A memory-resident geospatial index library for Java
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README.md

jeospatial

jeospatial is a simple geospatial index library for Java. It aims to provide an easy-to-use and reasonably-high-performance set of tools for solving the k-nearest-neighbor problem on the earth's surface.

Geospatial indices in this library are implemented using vantage point trees (or vp-trees), which are binary space partitioning data structures that operate on any metric space. Construction of a geospatial index executes in O(n log(n)) time and searches against that index execute in O(log(n)) time. As a practical point of reference, it takes about a half second to construct a vp-tree-backed index that contains 100,000 geospatial points on a 2012 MacBook Pro, and that index has a search throughput of about 3,000 queries/second. By contrast, putting all of the points in a list, sorting by distance from a query point, and grabbing the first N results has a search throughput of about 0.6 queries/second.

Major concepts

The two most important interfaces in the jeospatial library are in the com.eatthepath.jeospatial package.

The GeospatialPoint interface defines a single point on the earth's surface; concrete implementations of the GeospatialPoint interface can be found in the com.eatthepath.jeospatial.util package.

The GeospatialIndex interface defines the behavioral contract for classes that index collections of GeospatialPoints and provide facilities for performing nearest-neighbor searches among those points. The VPTreeGeospatialIndex class is a concrete implementation of the GeospatialIndex interface and can be found in the com.eatthepath.jeospatial.vptree package.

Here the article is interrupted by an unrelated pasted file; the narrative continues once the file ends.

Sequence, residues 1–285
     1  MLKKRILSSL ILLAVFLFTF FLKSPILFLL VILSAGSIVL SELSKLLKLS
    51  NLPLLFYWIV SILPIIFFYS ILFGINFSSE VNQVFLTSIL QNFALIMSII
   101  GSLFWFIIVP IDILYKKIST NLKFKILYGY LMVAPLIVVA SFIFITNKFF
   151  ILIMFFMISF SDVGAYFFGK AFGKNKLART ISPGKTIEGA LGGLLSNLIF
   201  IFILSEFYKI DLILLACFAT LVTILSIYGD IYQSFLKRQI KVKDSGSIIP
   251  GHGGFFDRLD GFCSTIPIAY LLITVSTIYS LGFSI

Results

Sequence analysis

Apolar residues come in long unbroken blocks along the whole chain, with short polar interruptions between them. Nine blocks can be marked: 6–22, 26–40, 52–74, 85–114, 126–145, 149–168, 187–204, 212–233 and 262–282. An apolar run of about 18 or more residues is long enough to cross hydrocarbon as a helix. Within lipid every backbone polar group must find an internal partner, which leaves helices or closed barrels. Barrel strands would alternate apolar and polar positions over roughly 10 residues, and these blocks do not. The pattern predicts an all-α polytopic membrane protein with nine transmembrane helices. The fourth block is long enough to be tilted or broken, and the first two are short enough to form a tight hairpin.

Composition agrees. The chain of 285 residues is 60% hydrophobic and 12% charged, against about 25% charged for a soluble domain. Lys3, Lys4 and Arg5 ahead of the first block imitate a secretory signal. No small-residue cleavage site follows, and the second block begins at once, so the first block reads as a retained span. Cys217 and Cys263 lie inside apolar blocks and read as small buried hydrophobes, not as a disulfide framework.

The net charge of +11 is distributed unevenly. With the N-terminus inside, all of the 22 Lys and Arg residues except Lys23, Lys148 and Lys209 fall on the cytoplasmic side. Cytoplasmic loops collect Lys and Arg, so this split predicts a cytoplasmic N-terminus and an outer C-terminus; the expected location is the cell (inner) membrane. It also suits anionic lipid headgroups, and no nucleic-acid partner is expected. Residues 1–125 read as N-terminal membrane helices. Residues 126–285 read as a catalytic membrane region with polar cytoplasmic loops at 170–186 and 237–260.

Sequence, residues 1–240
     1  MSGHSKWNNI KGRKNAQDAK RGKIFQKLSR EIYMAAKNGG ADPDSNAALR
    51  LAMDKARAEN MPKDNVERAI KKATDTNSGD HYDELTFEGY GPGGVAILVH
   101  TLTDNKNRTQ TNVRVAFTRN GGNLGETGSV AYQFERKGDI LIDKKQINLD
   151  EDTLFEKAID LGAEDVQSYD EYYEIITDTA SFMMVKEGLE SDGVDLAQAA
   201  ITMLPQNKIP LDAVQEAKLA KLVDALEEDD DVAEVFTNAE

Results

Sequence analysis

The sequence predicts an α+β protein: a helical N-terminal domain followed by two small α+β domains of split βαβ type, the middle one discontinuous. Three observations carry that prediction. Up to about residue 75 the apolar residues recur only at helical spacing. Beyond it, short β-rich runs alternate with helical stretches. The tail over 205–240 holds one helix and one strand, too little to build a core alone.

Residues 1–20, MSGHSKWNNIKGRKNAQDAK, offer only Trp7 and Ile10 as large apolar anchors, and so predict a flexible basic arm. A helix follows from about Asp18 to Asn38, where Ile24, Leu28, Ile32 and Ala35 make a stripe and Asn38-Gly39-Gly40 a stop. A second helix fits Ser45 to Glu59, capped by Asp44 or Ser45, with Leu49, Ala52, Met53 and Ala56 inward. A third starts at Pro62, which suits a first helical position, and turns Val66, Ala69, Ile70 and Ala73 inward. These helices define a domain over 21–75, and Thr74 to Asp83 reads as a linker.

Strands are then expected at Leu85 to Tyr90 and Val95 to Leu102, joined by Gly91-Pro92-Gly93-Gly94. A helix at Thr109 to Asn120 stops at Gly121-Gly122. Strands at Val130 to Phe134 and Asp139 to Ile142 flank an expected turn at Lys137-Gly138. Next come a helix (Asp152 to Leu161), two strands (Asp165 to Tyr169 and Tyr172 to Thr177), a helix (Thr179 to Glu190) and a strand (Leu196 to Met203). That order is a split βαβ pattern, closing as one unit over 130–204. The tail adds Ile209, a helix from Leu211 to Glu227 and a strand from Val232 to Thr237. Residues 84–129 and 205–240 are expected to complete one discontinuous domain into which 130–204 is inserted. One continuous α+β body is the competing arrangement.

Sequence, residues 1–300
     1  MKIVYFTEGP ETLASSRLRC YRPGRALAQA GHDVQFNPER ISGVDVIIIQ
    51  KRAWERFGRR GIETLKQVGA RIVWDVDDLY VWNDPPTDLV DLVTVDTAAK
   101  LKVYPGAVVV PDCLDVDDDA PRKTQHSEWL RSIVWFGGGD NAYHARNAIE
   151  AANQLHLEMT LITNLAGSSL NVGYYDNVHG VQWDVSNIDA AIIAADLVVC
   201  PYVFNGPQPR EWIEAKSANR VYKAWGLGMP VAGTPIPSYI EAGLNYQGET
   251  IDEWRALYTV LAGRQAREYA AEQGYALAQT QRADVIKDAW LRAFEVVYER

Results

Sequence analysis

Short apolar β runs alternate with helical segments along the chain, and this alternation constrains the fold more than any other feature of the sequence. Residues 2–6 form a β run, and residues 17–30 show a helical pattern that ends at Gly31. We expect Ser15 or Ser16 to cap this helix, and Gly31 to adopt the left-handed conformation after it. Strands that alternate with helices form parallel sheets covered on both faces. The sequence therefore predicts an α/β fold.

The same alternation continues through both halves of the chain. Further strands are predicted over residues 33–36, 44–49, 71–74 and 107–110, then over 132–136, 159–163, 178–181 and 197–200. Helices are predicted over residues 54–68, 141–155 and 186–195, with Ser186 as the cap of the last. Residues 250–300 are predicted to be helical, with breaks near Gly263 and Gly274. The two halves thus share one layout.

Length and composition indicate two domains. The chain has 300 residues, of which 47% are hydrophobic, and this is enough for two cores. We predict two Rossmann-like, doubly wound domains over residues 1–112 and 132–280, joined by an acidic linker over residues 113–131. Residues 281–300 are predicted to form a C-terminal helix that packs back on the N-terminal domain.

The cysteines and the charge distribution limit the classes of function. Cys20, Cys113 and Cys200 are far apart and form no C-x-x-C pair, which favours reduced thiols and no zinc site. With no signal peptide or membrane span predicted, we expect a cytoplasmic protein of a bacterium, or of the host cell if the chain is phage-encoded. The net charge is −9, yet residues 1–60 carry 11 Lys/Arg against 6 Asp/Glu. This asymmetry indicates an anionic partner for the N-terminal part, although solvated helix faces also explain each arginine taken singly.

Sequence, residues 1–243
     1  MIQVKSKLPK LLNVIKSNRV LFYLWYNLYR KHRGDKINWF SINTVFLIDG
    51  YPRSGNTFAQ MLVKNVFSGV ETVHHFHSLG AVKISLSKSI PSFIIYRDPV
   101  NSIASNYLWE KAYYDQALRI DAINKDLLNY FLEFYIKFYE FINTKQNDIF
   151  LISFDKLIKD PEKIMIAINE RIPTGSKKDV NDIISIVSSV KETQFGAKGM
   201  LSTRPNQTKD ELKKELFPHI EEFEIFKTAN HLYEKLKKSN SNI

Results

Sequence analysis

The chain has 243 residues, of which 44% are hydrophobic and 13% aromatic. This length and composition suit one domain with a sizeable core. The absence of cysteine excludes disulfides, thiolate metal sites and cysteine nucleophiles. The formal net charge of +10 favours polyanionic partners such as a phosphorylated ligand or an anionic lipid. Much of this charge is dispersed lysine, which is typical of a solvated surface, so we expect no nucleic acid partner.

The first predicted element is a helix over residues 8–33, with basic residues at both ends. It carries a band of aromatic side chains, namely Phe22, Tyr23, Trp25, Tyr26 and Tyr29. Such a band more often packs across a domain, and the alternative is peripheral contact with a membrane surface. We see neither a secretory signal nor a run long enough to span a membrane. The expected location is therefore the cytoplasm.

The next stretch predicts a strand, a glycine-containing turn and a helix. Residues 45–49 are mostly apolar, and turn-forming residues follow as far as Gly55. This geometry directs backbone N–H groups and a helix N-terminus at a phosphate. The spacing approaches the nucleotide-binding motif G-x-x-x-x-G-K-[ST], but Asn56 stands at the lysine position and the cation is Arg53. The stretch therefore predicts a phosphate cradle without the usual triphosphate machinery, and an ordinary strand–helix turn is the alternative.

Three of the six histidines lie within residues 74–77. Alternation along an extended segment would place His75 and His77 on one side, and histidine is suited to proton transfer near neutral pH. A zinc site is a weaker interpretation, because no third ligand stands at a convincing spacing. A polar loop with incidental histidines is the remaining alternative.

For additional details, see the API documentation.

Examples

Finding nearest neighbors

Let's say we have a list of all of the ZIP codes (postal codes) in the United States and we want to find the ten closest ZIP codes to some point in the world (let's say Davis Square in Somerville, MA, USA). We might do something like this:

VPTree<ZipCode> index = new VPTree<ZipCode>(zipCodes);

// Pick a query point (Davis Square in Somerville, MA, USA)
final GeospatialPoint davisSquare = new GeospatialPoint() { ... };

// Find the ten nearest zip codes to Davis Square
List<ZipCode> nearestZipCodes = index.getNearestNeighbors(davisSquare, 10);

The nearestZipCodes list will have ten elements; the first will be the closest zip code to Davis Square, the second will be the second closest, and so on.

Finding all neighbors within a certain radius

Assuming we have the same set of zip codes, we might want to find all of the zip codes that are within a fixed distance Davis Square. For example:

// Find all zip codes within ten kilometers of Davis Square
final List<ZipCode> zipCodesWithinRange =
    index.getAllNeighborsWithinDistance(davisSquare, 10 * 1000);

The zipCodesWithinRange list will contain all of the zip codes—sorted in order of increasing distance from Davis Square—that are within ten kilometers of Davis Square.

Finding points inside a bounding box

If you're working with a section of a map with a cylindrical projection (e.g. a Google or Bing map), you might want to find all of the zip codes that are visible in that section of the map. A set of bounding box search methods comes in handy here:

// Find all of the zip codes in a bounding "box"
final List<ZipCode> inBoundingBox =
    index.getAllPointsInBoundingBox(-75, -70, 43, 42);

As might expected, the inBoundingBox list contains all of the zip codes that fall between the longitude lines of -75 and -70 degrees and the latitude lines of 42 and 43 degrees. Other variants of the getAllPointsInBoundingBox method allow for sorting the results by proximity to some point and applying additional search criteria.

License

jeospatial is an open-source project provided under the BSD License.